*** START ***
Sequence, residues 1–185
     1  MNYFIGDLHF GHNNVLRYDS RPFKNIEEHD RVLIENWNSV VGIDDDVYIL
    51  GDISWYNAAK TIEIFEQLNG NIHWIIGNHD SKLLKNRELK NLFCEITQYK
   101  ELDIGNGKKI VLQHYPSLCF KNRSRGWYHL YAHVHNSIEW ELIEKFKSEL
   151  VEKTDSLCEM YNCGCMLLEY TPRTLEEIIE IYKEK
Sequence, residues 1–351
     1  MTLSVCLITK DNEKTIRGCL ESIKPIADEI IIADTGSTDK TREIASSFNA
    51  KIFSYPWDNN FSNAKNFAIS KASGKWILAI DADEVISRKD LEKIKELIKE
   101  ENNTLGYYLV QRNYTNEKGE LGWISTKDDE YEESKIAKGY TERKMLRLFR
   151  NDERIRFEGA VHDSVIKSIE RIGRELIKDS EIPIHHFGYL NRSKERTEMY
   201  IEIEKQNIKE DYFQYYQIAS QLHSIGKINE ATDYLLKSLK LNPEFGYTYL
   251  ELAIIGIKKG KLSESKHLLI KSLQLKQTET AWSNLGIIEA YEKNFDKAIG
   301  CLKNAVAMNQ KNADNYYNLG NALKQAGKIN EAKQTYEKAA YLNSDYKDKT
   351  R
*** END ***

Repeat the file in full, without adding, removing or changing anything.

Sequence, residues 1–185
     1  MNYFIGDLHF GHNNVLRYDS RPFKNIEEHD RVLIENWNSV VGIDDDVYIL
    51  GDISWYNAAK TIEIFEQLNG NIHWIIGNHD SKLLKNRELK NLFCEITQYK
   101  ELDIGNGKKI VLQHYPSLCF KNRSRGWYHL YAHVHNSIEW ELIEKFKSEL
   151  VEKTDSLCEM YNCGCMLLEY TPRTLEEIIE IYKEK
Sequence, residues 1–351
     1  MTLSVCLITK DNEKTIRGCL ESIKPIADEI IIADTGSTDK TREIASSFNA
    51  KIFSYPWDNN FSNAKNFAIS KASGKWILAI DADEVISRKD LEKIKELIKE
   101  ENNTLGYYLV QRNYTNEKGE LGWISTKDDE YEESKIAKGY TERKMLRLFR
   151  NDERIRFEGA VHDSVIKSIE RIGRELIKDS EIPIHHFGYL NRSKERTEMY
   201  IEIEKQNIKE DYFQYYQIAS QLHSIGKINE ATDYLLKSLK LNPEFGYTYL
   251  ELAIIGIKKG KLSESKHLLI KSLQLKQTET AWSNLGIIEA YEKNFDKAIG
   301  CLKNAVAMNQ KNADNYYNLG NALKQAGKIN EAKQTYEKAA YLNSDYKDKT
   351  R